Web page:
US sends troops to hunt down Ugandan rebels

Dec 06, 2011 12:00 AM

US troops have begun a region-wide hunt for fighters from the Lord's Resistance Army, a Ugandan-born group that has been killing, raping and looting for years, the Ugandan army said. US President Barack Obama in October sent 100 special forces soldiers to help Uganda track down LRA chief and international fugitive Joseph Kony, who has wreaked havoc over four nations for more than two decades.
"They (US troops) are there and they are setting up their bases," said Ugandan army spokesman Felix Kulayigye.

US troops had deployed to Obo in the Central African Republic and Nzara in South Sudan, where Uganda's army has forward bases to battle the rebel group, Kulayigye said. Some of the US troops staged a training exercise with Ugandan air force crews in Entebbe, about 35 km (21 miles) west of the capital Kampala, on how to package supplies to be air dropped to frontline troops.
Previously Uganda had to rely on supplies being ferried in by helicopter to specified landing sites but will now be able to be resupplied without having to return to base, Kulayigye said.

A US official confirmed that some troops had arrived in affected areas. The rebels currently number several hundred, a fraction of their strength at their peak but still include a core of hardened fighters infamous for mutilating civilians and abducting children for soldiers and sex-slaves.
The majority of US troops will be based in Uganda while a smaller number will be based in jungle areas in neighbouring countries to advise regional armies tracking the rebels, US officials say.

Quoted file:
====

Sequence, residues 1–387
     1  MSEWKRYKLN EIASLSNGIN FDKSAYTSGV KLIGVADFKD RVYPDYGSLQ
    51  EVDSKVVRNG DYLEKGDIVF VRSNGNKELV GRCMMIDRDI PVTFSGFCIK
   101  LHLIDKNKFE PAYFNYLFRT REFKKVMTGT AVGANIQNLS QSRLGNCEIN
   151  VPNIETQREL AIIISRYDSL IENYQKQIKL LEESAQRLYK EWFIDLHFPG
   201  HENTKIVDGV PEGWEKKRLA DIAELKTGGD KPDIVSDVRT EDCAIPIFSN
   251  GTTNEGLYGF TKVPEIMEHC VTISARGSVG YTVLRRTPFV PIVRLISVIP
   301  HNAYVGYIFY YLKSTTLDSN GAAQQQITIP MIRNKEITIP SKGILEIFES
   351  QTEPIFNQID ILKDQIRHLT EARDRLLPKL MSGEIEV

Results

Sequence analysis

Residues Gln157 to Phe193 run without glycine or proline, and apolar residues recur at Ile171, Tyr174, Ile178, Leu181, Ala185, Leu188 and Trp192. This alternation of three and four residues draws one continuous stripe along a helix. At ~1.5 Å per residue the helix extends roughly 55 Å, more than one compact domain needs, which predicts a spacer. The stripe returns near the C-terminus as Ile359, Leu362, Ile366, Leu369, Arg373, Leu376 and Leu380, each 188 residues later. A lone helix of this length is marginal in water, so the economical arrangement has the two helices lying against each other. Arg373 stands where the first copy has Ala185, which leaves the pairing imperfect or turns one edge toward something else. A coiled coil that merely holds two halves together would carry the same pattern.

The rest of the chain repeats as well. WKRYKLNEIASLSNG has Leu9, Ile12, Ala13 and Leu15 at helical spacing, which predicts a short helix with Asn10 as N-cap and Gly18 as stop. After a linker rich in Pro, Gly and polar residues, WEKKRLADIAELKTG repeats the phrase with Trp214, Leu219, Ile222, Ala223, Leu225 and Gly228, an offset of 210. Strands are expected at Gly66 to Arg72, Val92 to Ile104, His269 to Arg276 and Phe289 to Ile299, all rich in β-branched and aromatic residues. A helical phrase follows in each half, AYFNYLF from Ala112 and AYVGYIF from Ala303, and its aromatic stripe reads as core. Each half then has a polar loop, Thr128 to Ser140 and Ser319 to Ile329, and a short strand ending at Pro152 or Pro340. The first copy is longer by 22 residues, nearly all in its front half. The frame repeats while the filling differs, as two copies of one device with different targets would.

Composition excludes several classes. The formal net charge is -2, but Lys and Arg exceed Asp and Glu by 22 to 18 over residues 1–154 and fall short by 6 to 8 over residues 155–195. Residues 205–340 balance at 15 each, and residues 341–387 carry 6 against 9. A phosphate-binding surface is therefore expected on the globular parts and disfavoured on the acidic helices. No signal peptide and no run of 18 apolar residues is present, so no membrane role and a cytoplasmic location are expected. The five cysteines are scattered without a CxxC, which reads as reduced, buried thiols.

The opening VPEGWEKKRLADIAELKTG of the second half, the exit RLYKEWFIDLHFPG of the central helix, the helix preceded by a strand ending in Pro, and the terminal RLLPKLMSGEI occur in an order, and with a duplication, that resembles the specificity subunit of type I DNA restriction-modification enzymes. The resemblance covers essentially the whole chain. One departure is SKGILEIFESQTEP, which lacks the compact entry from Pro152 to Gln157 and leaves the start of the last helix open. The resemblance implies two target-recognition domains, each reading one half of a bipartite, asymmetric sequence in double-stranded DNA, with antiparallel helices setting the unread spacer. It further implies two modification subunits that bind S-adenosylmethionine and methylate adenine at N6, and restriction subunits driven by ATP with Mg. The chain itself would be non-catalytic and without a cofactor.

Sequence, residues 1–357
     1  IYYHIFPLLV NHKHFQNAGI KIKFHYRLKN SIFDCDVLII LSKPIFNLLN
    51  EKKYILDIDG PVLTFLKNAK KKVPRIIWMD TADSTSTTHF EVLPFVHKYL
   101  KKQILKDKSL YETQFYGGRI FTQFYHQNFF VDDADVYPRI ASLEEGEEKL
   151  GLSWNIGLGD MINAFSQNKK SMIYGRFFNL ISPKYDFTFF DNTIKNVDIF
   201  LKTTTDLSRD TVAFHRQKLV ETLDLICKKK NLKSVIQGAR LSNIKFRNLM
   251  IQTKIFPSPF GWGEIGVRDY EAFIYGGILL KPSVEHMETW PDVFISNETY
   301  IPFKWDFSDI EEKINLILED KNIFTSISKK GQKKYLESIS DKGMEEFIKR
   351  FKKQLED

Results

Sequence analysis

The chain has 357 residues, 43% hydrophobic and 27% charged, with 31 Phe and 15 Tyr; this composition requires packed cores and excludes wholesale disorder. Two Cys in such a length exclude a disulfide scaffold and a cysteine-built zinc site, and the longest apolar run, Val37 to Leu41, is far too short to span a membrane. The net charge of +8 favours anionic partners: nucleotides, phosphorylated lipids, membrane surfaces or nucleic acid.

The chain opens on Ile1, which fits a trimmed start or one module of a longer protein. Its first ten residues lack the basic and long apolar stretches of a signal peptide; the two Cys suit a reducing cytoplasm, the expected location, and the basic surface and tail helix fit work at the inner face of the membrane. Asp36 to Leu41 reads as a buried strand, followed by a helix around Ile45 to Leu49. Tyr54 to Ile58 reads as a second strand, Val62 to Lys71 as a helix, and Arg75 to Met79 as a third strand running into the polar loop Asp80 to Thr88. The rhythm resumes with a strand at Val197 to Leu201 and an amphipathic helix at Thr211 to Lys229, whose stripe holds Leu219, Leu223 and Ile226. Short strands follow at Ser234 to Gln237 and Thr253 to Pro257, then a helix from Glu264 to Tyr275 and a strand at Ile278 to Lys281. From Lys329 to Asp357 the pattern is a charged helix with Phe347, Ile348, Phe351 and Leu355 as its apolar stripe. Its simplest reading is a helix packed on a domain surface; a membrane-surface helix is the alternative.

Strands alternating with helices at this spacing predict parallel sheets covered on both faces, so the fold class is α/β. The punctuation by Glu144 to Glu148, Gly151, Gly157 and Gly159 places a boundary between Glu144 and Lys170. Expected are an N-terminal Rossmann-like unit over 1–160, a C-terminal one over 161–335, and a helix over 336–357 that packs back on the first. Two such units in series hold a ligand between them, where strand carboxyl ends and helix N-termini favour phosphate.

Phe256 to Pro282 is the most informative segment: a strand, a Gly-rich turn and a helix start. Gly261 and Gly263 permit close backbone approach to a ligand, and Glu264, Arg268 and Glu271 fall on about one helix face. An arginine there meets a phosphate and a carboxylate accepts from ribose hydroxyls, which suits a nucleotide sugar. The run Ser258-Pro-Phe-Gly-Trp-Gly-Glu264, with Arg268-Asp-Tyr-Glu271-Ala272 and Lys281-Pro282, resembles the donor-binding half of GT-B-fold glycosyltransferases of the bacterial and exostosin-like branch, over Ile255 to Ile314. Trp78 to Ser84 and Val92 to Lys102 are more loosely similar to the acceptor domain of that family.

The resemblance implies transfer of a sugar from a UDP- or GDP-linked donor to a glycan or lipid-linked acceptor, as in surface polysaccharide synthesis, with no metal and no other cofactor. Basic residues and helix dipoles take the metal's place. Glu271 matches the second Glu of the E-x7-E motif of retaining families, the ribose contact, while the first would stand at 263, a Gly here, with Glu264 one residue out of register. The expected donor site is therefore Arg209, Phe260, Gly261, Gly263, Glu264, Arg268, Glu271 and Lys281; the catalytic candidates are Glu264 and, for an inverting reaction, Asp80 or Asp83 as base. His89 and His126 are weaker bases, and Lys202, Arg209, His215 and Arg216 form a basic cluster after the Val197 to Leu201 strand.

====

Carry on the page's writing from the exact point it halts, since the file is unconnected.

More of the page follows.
The US state department currently gives $ 17 mm each year to cover the cost of transporting Ugandan forces to the conflict zone.
Tens of thousands of people have been killed since Kony took up arms in the late 1980s, initially against the Ugandan government. The International Criminal Court has a warrant against Kony, one of the continent's most wanted men.

Driven out of Uganda, the guerrillas have since scattered across a vast region of the Central African Republic, Democratic Republic of Congo and South Sudan, recruiting fighters from those nations over the years.
The LRA emerged from the frustrations of Uganda's marginalised Acholi ethnic group against the government, but its leaders have since dropped their national political agenda for the narrow objective of pillage and plunder.

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